The curfew in Honduras, imposed in the wake of the country's leader Manuel Zelaya being ousted, has been lifted. Zelaya has spent a second day in Washington, seeking to shore up international support for his return to power.
AFP - A two-week-old nationwide curfew in Honduras was lifted Sunday as the country's ousted leader Manuel Zelaya spent a second day in Washington, seeking to shore up international support for his return to power.
"By virtue of having reached the objectives of this regulation, the government announces that from Sunday, July 12, the curfew is lifted across the entire country," the government said in a statement broadcast on Honduran television and radio.
Roberto Micheletti, the man designated as Honduran head of state after Zelaya's explusion from the country last month, imposed the curfew after the June 28 military-backed ouster, saying it was needed to restore calm.
But, even before the curfew was lifted, a justice building and the headquarters of a television station supportive of Micheletti came under grenade attack, according to authorities who said they had defused at least 10 explosive devices.
Meanwhile, in Washington, Zelaya sought fresh support from the US administration and the Organization of American States (OAS) in meetings over the weekend.
The overthrown president flew from the Dominican Republic to Washington on Saturday, meeting with the top US official for Latin America, Thomas Shannon, and OAS head Jose Miguel Insulza.
Rodolfo Pastor, a Honduran embassy official loyal to Zelaya, told AFP that the meeting was "part of the ongoing negotiations" for the ousted leader's return to power, adding that Zelaya and Insulza might hold more talks Sunday.
Earlier in the week, Zelaya and Micheletti participated in negotiations mediated by Costa Rican President Oscar Arias, a Nobel Peace Prize winner for his work resolving Latin America's bloody civil wars.
But the talks did not produce any tangible results, with the two men refusing to meet face to face, despite the strong support for the meetings offered by the United States and the OAS.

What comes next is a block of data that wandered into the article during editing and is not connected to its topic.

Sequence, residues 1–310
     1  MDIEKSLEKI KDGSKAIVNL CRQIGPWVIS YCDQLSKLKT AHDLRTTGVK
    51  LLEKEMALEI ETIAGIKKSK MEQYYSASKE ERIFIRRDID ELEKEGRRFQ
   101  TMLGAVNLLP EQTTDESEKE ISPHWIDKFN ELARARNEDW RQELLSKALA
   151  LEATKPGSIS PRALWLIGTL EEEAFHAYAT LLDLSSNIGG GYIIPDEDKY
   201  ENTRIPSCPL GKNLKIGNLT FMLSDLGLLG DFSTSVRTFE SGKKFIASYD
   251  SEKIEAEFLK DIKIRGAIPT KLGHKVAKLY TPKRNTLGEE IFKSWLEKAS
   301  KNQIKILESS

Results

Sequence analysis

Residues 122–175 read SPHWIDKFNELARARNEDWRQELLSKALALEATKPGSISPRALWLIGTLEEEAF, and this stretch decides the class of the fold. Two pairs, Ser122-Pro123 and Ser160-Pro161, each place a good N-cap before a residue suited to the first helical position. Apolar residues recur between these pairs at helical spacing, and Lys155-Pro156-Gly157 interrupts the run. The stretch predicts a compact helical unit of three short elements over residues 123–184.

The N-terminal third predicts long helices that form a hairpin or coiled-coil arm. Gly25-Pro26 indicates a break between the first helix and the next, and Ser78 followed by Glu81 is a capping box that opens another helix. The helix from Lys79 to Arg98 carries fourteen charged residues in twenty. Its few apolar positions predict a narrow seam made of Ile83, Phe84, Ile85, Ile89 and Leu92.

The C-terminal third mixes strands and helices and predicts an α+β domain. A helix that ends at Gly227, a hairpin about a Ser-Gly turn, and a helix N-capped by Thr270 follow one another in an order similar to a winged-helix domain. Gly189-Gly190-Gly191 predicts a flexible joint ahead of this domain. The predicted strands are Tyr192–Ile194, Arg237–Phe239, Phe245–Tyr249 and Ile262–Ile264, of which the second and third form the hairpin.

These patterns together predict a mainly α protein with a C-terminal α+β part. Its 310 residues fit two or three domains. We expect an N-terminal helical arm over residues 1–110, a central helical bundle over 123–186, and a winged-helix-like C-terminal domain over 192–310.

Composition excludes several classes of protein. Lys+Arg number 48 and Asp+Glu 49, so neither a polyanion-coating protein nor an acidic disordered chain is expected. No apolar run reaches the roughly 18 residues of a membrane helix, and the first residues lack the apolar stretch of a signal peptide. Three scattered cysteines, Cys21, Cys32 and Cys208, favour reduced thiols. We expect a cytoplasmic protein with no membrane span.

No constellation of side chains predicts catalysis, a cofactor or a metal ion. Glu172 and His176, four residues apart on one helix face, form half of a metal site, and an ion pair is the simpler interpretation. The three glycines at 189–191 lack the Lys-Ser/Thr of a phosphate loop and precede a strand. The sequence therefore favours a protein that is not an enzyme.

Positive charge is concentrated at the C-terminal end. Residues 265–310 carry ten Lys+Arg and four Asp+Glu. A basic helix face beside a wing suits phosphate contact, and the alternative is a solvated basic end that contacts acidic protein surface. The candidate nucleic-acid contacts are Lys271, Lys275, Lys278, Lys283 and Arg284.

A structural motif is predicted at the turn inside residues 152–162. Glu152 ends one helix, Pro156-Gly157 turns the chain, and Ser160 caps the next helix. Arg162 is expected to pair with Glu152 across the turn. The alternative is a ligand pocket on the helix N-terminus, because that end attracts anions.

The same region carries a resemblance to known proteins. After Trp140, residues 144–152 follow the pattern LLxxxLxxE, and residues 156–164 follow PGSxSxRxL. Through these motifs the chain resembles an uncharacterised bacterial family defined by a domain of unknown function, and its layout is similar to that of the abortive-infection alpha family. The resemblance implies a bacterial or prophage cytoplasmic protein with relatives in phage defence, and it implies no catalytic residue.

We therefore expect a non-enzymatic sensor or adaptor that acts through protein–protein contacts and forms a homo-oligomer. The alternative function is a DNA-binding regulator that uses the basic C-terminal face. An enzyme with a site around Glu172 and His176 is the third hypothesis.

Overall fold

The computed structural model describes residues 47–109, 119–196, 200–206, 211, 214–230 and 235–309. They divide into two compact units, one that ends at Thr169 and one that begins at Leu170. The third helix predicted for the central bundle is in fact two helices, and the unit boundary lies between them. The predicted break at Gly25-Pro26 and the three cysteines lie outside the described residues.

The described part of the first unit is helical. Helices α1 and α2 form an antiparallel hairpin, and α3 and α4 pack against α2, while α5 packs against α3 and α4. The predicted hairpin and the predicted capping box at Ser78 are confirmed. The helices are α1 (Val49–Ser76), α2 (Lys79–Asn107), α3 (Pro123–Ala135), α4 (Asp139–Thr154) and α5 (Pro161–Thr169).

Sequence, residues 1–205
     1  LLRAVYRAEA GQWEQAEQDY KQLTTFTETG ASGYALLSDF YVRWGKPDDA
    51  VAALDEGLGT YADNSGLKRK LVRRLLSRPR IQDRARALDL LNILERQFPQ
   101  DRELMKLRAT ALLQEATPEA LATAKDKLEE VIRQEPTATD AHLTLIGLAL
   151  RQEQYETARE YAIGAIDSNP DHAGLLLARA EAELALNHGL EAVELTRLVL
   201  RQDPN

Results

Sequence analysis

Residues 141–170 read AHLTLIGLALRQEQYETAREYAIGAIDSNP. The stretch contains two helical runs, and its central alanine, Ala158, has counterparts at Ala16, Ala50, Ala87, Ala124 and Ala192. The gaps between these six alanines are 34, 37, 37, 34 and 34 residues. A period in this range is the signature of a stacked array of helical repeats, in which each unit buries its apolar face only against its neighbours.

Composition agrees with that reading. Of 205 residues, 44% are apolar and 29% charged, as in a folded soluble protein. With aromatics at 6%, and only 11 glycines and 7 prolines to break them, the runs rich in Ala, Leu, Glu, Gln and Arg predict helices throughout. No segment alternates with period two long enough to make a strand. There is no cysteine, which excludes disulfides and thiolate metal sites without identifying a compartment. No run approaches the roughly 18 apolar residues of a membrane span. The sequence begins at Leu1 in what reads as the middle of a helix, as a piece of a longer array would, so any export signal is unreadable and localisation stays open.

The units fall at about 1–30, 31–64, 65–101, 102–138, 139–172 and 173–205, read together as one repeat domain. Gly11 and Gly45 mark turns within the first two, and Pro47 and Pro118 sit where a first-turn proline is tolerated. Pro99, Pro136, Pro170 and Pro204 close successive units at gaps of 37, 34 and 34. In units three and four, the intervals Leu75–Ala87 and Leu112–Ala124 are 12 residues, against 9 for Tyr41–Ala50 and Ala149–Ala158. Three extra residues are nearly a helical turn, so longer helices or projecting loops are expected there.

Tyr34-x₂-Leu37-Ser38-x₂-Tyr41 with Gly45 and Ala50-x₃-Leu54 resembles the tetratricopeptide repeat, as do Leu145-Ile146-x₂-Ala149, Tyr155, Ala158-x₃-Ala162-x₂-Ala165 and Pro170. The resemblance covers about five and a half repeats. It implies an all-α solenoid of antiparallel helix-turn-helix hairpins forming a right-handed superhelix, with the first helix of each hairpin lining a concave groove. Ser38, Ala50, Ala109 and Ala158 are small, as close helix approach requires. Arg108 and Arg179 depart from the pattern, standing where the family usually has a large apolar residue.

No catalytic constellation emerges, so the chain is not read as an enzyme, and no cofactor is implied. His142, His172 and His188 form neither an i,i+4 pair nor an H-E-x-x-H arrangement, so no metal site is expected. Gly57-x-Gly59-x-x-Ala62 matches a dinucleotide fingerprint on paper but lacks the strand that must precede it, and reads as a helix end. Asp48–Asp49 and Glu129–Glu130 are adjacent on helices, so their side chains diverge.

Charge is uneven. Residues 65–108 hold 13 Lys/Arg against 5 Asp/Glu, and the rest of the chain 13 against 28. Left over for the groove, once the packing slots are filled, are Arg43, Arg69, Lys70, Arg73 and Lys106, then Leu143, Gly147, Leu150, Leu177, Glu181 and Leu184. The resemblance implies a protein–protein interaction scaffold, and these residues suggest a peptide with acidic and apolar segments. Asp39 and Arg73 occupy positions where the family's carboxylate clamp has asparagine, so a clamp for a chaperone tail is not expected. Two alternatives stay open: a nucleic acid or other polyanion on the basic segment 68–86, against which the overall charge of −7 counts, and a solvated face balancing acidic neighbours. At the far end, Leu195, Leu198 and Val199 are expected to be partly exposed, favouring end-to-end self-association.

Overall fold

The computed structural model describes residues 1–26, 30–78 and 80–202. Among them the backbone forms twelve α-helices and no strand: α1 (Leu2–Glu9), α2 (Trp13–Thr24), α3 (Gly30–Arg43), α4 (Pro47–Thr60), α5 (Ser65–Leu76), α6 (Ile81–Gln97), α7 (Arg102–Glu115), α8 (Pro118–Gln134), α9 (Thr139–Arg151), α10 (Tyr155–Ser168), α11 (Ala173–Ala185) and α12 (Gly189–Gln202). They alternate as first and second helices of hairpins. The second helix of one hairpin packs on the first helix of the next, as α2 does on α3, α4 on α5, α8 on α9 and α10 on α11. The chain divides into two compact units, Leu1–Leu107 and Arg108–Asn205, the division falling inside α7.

The stalemate provoked anxiety among Zelaya's supporters in Tegucigalpa, who fear that the interim government is seeking to "buy time," said Marvin Ponce, a lawmaker with the leftist Democratic Unification Party (PUD).
Zelaya's support is largely drawn from labor unions and the poor in the impoverished Central American country of more than seven million.
In a bid to increase pressure on the interim leaders, Zelaya supporters renewed their blockades of roads and bridges. They also marched to the airport to pay tribute to a youth killed on July 5, when the ousted Honduran leader aborted an attempt to land in Tegucigalpa.
Meanwhile, Micheletti's backers organized a massive prayer for peace in the capital's baseball stadium, backed by the Catholic Church, evangelical groups and the local Jewish community.
"We have come here to ask for peace and wisdom necessary to build a new Honduras," said Darwin Andino, assistant archbishop of Tegucigalpa.
German Cuevas, a representative of the Jewish community, said the religious leaders had prayed in hopes "to unite the Honduran people and make it overcome differences in search for peace."
Zelaya, a wealthy rancher who moved sharply left after taking office in January 2006, rattled his country's ruling elite by trying to bypass Congress to hold a referendum on rewriting the constitution.
He has denied charges that the move was a bid to lift the one-term presidential limit so he could seek re-election this year.
Argentina's former ambassador to Honduras, Alfredo Forti, warned that soldiers could stop supporting the military-backed coup that ousted Zelaya.
The army is divided and some soldiers "believe there is a time when they will have to revise their position in order to avoid a bloodbath," Forti, the envoy to Tegucigalpa from 2004 to 2007, told Argentina's Clarin newspaper.
Also Sunday, journalists from Venezuela-based regional television network Telesur accused Micheletti's government of harassing them and threatening to expel them from the country.
"It is a clear case of intimidation against Telesur," said Madelein Garcia, a Telesur journalist who sought refuge in the Venezuelan embassy in Tegucigalpa.
A Honduran government official denied the accusations and told AFP that police questioned several Telesur employees about their immigration status.
Date created : 2009-07-12